With Barack Obama on his first presidential trip overseas, far more Americans now say the United States' image abroad is improving rather than worsening, a sharp turnaround from views under George W. Bush. But significant international challenges face Obama – including skepticism at home about negotiations with Taliban elements in Afghanistan.
Obama gets 62 percent approval for handling international affairs overall, and just 14 percent say the United States' image is worsening under his presidency – down from 61 percent under Bush in late 2003. Instead 43 percent now say the United States' image is improving, up from 10 percent under Bush. The rest say it's staying the same.
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AFGHANISTAN – Among Obama's international challenges, Afghanistan looms large – and difficult. The president has suggested openness to reaching out to moderate elements of the Taliban, a notion echoed today by Secretary of State Hillary Clinton at a 70-nation conference on Afghanistan in the Netherlands; she said Taliban members who abandon violence should be granted "an honorable form of reconciliation."
If that means negotiating with those who halt attacks on U.S., NATO and Afghan forces, many Americans are skeptical. Fifty-three percent in this ABC News/Washington Post poll oppose negotiations with elements of the Taliban if they suspend hostilities; fewer, 41 percent, support it. (In Afghanistan itself, 64 percent in an ABC/BBC/ARD poll in January supported negotiations with the Taliban, most if they first put down their arms.)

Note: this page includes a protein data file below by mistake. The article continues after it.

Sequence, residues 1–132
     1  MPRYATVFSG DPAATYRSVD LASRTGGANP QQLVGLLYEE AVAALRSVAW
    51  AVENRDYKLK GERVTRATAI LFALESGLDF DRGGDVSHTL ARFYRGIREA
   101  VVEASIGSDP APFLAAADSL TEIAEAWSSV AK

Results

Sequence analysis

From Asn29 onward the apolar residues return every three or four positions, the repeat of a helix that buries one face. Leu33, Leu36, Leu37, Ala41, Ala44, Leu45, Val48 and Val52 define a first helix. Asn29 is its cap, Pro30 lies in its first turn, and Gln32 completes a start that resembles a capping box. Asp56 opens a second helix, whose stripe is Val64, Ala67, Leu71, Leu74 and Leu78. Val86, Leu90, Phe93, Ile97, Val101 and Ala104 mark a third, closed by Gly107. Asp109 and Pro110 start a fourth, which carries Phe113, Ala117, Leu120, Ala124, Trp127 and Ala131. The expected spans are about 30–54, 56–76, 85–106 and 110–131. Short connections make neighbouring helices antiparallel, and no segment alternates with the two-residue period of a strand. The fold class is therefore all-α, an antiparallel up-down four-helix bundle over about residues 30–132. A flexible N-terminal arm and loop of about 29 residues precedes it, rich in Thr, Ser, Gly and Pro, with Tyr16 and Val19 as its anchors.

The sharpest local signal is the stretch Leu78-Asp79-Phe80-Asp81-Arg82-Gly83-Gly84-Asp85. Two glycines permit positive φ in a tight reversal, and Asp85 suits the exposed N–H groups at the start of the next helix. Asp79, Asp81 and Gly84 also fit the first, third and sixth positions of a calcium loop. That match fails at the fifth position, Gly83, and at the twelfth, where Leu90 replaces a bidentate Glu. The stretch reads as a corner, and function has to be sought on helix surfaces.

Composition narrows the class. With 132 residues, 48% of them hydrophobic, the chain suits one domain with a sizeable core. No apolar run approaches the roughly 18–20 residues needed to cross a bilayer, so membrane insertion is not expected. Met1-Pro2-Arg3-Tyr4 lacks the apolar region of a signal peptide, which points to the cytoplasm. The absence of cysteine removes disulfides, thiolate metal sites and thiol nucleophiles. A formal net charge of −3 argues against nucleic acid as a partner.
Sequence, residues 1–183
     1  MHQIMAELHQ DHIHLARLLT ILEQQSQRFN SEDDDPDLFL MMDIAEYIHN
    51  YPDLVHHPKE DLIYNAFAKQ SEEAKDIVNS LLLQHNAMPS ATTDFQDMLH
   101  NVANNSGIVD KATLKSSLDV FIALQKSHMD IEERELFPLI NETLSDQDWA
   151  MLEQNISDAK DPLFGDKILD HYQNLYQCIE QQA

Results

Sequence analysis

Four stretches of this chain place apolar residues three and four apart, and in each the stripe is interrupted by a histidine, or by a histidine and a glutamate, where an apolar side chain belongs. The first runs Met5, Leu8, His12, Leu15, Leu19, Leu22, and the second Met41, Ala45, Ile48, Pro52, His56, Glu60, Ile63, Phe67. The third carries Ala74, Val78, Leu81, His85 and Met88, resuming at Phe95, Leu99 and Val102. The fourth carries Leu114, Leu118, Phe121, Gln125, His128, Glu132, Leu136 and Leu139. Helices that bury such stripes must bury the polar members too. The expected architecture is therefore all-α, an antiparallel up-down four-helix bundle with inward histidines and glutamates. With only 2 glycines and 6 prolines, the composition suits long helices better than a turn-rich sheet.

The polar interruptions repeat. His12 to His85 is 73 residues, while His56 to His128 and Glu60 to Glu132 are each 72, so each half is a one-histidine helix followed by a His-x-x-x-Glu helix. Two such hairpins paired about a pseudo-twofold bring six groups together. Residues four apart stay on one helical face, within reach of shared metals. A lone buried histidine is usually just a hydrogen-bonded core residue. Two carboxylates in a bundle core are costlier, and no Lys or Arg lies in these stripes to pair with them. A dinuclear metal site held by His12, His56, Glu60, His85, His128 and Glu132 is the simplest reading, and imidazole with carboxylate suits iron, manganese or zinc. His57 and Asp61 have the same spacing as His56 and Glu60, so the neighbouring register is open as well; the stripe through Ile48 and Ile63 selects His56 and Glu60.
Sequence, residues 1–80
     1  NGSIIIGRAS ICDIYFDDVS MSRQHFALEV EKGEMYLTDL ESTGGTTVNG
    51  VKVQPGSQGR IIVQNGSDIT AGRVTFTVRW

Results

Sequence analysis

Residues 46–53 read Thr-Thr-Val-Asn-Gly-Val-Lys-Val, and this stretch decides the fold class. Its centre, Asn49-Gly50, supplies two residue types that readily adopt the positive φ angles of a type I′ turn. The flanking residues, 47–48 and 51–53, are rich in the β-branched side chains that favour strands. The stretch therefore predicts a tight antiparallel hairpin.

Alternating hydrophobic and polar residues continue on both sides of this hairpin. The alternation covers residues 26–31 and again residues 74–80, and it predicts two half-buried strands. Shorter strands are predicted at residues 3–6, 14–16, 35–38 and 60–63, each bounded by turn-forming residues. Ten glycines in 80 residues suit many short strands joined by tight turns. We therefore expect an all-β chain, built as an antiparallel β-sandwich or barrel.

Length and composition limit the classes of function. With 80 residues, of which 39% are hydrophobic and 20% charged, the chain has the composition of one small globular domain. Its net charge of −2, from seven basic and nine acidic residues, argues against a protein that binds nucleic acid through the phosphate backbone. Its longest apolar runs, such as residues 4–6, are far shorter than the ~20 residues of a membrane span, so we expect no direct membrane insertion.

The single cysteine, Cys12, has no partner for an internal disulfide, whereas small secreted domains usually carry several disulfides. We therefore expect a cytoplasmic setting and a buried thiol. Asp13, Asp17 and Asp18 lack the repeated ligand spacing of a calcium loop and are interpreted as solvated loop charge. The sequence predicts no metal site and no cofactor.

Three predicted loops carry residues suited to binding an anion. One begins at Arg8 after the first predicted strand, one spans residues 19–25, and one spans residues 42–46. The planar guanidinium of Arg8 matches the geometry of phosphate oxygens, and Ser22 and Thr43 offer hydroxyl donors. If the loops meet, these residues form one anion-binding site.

Americans, underscoring their antipathy toward the group, also say by 51-41 percent that defeating the Taliban should take precedence over efforts to promote economic development in Afghanistan.
Those views are highly partisan, with Democrats far more apt than Republicans to favor negotiations and to place greater focus on economic development. In both – unlike many other current measures – more independents side with the predominantly Republican view.
The tension on Afghanistan is apparent in another measure: Americans divide essentially evenly, 45-47 percent, on whether or not the United States is making significant progress there. Still, 56 percent now see the war there as "worth fighting," up 6 points from last month after Obama's announcement of his Afghanistan policy last week.
IMAGE – As in a range of issues today, partisanship also plays a very strong role in Americans' views of the United States' image abroad. Among Democrats, 59 percent say it's improving; 44 percent of independents agree, but just 19 percent of Republicans.
At the same time, while 28 percent of Republicans say the United States' image is getting worse under Obama, that's 10 points fewer than the number of Republicans who said so under President Bush at the end of 2003.
METHODOLOGY – This ABC News/Washington Post poll was conducted by telephone March 26-29, 2009, among a random national sample of 1,000 adults including both landline and cell-phone-only respondents. Results for the full sample have a 3-point error margin; click here for a detailed description of sampling error. Sampling, data collection and tabulation by TNS of Horsham, PA.